First and foremost, the concept of ying-yang began as a Taoist ideology. However, during the Tang Dynasty, the introduction of a new religion known as Confucianism led to a dramatic shift in perspective and politics. As the growth of neo-Confucianism grew, the study of older principles in a new light was proposed as a new way of thinking. As the Tang dynasty encouraged the philosophy, it led to “…an inevitable development of Confucianism, shifting its focus from phenomena to the nature of the heart-mind to comprehend nature and heavenly Dao.” Confucianism focused more on rational ideals and the formal interpersonal relationships of people. The Dao, or heavenly aspect, became the correct protocol for social interaction between people, whereas Taoism relied more on spontaneous intuition and a more casual approach to social interactions. The Dao for Taoism revolved around nature and the final goal was a peaceful life much like a sage or mystic. This distinct difference in thought process can be applied to the two different personalities of Zhang and Yingying. Zhang exhibited clear Confucian ideals and Yingying embodied Taoist values. Zhang’s refusal to give up his responsibilities in the court or to allow himself to feel open and free stopped him from choosing Yingying under the scrutiny of his fellow advisors and social aspirations. On the other hand, Yingying’s spontaneity led her to consort in premarital affairs with another which was looked down upon in society. Yet, her Taoist beliefs allowed her to not feel a burden of shame due to casual social interactions being acceptable.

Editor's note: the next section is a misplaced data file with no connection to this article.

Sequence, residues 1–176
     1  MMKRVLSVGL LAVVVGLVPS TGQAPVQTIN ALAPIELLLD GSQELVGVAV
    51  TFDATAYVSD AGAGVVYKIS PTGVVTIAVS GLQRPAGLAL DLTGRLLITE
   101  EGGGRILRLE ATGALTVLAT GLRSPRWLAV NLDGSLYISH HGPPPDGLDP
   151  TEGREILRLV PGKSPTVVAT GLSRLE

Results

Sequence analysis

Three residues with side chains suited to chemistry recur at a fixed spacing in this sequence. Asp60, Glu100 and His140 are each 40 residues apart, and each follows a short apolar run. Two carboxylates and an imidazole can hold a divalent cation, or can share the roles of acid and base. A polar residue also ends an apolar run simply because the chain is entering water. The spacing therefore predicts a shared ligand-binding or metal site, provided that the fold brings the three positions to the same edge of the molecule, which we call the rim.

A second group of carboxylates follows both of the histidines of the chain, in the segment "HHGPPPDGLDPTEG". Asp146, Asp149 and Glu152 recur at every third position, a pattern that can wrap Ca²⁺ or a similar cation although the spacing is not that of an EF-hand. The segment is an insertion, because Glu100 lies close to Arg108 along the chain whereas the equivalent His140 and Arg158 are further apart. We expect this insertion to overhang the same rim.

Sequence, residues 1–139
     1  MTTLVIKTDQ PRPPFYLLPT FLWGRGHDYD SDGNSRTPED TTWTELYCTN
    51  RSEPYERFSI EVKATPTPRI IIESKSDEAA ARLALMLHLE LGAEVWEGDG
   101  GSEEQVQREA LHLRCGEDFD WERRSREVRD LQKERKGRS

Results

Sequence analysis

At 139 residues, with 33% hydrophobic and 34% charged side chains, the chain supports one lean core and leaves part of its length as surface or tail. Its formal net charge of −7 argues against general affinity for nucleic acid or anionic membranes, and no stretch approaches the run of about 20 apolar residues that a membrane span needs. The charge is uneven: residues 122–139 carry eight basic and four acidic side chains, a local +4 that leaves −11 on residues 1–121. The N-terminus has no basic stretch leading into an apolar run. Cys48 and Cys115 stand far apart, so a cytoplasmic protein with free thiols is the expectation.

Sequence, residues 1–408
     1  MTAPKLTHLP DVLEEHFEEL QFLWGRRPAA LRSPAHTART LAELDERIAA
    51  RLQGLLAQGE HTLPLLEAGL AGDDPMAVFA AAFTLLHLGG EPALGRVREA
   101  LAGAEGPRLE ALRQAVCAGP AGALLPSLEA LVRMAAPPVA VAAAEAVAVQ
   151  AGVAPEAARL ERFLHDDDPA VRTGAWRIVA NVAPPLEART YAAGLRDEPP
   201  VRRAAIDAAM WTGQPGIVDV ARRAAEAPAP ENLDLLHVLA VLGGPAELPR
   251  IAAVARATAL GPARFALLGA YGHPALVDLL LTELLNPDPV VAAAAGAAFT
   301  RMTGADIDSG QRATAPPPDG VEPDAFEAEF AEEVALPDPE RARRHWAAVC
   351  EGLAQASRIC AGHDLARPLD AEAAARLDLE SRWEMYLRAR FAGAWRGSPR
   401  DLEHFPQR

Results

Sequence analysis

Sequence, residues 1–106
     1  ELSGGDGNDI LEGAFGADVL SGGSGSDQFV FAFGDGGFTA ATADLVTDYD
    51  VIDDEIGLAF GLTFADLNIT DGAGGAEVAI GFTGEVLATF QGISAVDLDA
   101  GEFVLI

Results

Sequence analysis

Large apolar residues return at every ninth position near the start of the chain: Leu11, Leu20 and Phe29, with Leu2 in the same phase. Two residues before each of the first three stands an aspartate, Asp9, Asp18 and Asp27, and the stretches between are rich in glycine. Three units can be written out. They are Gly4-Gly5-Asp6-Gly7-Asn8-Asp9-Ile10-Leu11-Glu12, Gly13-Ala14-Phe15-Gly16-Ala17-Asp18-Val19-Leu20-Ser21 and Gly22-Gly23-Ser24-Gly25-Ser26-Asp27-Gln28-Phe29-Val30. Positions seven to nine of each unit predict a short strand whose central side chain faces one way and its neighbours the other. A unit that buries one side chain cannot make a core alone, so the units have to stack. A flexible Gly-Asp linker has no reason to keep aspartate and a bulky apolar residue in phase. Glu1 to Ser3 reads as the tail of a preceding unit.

Another divide was the differences between their lifestyles. Zhang was a court official and followed the Confucian social constructs in an exemplary manner. He exhibited rational thought while conversing amongst peers and his team of advisors in regards to matters of the heart. However, Yingying immerses herself in skillful calligraphies or playing the zither and thus, orients her time around the arts and natural world. The stark contrast of lifestyles and ideology leads to the eventual disintegration of Zhang and Yingying’s relationship. As she immerses herself in the arts without outwardly expressing her feelings, Zhang grew increasingly confused and distressed about what to do. As their relationship took a toll on both of their emotional states, Yingying spoke up to end the relationship and tried to gift Zhang with a performance on her zither. However, her emotions running rampant led to a frenzied performance. Her perchance for the arts in the situation alludes to her Taoist values and Zhang’s wish to respectfully approach the situation alludes to his Confucian ones. Upon reflection, Zhang realizes that the situation he was in was not fated as it converged in values and he could not control his passions in a manner that would be reflective of a good Confucian scholar. This led to his decision to break off the relationship and abstain from entertaining Yingying any longer. Thus, it can be seen that even though, “…the rulers adopted a flexible policy toward religion based on the social, political and economic situation”, the natural divide between the two perspectives was bound to occur.